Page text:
Can you imagine a Christmas that ended in December?  It’s actually quite amazing but rarely done by Americans.  Do you know how much the average American spent on Christmas in 2017? They spent an average of $967.13 on gifts for friends and loved ones.¹

grayscale portrait photo of shocked woman
Photo by Alexander Krivitskiy on

That’s right, the average American who doesn’t even have $1,000 in their savings account is spending $1,000 at Christmas² and I’m willing to bet they didn’t save up cash for it.

I’m not advocating cutting the Christmas spending down – well OK, maybe I am a little – but start budgeting for it in the middle or even the beginning of the year.  It’s not like we don’t know when its coming, they start putting Christmas trees in stores in October!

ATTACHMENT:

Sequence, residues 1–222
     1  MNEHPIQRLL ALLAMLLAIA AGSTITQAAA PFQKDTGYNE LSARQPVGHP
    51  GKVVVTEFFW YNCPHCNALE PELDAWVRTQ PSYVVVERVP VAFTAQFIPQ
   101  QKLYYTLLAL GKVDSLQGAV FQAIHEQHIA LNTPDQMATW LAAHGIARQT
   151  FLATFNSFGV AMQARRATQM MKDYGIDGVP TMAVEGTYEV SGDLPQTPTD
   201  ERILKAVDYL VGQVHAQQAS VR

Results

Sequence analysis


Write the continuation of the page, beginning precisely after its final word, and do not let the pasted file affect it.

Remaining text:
I challenge you to celebrate Christmas this year in December, and only December.  If you can’t pay cash for it, don’t buy it.  Start budgeting for it this month and work an extra side hustle if you need more money.  Let’s make this Christmas more memorable by refusing to celebrate it in the first few months of next year!

How many months into the next year have you celebrated Christmas?  Are you still “celebrating?”  Comment below, I’d love to hear your story! If you haven’t signed up to receive future articles by email, please add yourself at the bottom of this page. If you have topics you would like future blogs about, let me know and I will add them to the agenda. Stay safe my friends -you work too hard to be this broke!

If you found this article beneficial, please share it across social media.  I’m trying to reach and help as many people as I can – and I need your help!


Related articles:Budget Isn’t A Bad Word





Author: Ryan